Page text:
It's an 'outside job'

WE CLEAN ourselves everyday. Yet when it comes to looking after the personal computer, we tend to forget about minimum maintenance... till disaster strikes.

How many PCs does one see, where the monitor is grimy with dust; the keyboard almost black with the dirty paw marks of its user/s; the mouse abused and worn out to a standstill!

Here are a few hints about what needs to be done about the externals of the PC. For starters, every PC user needs to acquire a bottle of Collin or a similar brand of glass and household cleaner, preferably one that comes with a sprayer,a cleaning cloth and a small supply of cleaning buds.

If one makes a habit of swiping the monitor, CPU box and keyboard with a cloth soaked in cleaner, every day before starting work on the PC, it will look clean and almost new even after five years.

There is more to this than aesthetics: after a few hours continuous use, you may have noticed the crackling sound when you pass your hand over the monitor: this is the static electricity building up, because the older CRT-type displays work on very high voltages. Spraying some cleaning fluid and wiping dry will neutralise the static, which can otherwise be quite dangerous, even give you a small jolt.

The keyboard needs some extra work, at least once a week. When more than one person uses the machines, keyboards take a beating. Many of us tend to scratch our heads as we ponder on what to type next and bits of hair end up in the gaps between the keys. Some of us munch something as we work and the keyboard soon resembles a menu of our last meal.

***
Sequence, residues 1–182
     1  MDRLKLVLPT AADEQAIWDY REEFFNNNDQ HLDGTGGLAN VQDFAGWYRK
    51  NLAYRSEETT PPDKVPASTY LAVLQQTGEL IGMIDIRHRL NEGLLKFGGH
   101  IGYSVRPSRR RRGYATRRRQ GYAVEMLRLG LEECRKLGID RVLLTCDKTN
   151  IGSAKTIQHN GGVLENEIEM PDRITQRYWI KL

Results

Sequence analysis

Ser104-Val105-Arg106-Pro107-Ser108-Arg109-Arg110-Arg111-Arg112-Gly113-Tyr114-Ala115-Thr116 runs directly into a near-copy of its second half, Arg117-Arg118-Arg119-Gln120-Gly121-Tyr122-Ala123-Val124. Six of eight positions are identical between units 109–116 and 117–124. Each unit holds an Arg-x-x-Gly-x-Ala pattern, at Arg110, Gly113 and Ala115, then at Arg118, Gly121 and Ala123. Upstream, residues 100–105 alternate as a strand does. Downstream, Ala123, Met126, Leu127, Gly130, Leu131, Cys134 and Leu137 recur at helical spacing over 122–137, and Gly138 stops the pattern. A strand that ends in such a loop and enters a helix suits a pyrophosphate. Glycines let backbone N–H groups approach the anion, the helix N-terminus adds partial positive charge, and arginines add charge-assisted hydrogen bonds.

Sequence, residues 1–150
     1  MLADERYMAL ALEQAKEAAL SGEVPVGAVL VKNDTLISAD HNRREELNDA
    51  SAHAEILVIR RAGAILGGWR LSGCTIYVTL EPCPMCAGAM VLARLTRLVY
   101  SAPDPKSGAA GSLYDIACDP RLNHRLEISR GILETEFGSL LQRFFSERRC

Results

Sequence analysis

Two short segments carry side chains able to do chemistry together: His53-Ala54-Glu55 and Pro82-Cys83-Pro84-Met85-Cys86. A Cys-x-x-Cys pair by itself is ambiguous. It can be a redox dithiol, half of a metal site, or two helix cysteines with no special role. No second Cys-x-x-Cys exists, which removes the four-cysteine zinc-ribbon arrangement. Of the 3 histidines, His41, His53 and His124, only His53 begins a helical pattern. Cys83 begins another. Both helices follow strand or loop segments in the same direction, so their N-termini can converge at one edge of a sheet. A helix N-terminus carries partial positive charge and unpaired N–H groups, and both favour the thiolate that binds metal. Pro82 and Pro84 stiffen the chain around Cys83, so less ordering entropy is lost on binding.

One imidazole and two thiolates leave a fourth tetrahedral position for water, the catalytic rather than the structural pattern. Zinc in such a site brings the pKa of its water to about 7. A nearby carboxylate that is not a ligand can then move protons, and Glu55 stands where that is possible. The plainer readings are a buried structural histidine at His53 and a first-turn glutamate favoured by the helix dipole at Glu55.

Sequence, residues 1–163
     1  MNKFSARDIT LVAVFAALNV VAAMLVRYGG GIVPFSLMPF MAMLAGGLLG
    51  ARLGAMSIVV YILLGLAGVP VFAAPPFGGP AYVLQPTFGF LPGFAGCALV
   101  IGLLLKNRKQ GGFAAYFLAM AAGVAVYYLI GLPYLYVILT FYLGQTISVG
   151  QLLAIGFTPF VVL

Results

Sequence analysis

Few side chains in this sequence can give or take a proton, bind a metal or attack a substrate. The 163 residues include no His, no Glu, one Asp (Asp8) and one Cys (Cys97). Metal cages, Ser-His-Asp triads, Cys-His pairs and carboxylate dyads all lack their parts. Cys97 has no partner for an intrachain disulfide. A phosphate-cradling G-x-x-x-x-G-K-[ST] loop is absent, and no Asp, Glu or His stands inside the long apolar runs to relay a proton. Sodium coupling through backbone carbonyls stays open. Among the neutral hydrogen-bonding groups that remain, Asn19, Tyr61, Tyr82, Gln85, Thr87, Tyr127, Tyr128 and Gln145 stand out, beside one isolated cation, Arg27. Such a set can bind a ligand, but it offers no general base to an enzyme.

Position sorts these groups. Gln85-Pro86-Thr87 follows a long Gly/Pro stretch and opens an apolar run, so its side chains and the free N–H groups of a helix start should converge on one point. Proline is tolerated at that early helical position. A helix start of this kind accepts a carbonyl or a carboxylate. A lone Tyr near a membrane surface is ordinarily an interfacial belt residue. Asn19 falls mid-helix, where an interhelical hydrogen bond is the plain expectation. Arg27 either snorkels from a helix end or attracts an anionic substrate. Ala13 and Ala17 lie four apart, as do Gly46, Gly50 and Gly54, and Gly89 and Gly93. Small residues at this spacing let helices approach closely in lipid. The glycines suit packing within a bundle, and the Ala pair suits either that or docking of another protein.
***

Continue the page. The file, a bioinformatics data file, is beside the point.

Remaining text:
Cleaning the keyboard with a wet cloth is not enough. You need to dab between the keys with a cleaning bud. However, do remember that most keyboards particularly the cheaper ones use a somewhat delicate plastic film beneath the keys to make the interconnections. So don't pour cleaning liquid on the keyboard — it will cause an electrical short. And no keyboard is `coffee proof". Spill hot fluid on it and the plastic film will be irreparably damaged.

The mouse is another delicate device that we tend to abuse. After a month or two of use, it will attract a lot of dust, lint and other particles. You can safely open the mouse once in a while, and gently rub the parts, blowing away the dust before closing it. Don't use liquid to clean it.

Most PC units come with mini fans or blowers. And over months, their blades can get clogged with dust. Also the ventilation holes on the back of the CPU units also work in reverse and a lot of dust tends to accumulate. With the PC switched off, it is not too difficult to open the casing. But removing the dust and grime within, requires a vacuum cleaner — not the big domestic one, which will suck half the wires inside, but one of those minivac battery operated types.

Do not try to clean inside the CPU unit with a cloth, since in all probability you will dislodge some jumpers and will not be able to put it back again. However, if you are not comfortable with opening up the PC, it is wiser to entrust this to a service engineer at least once a year.

To clean CD and floppy drives, never poke its innards with a bud or a cloth. Use the special cleaning tapes or lenses that one can buy in most PC accessory stores and follow the instructions.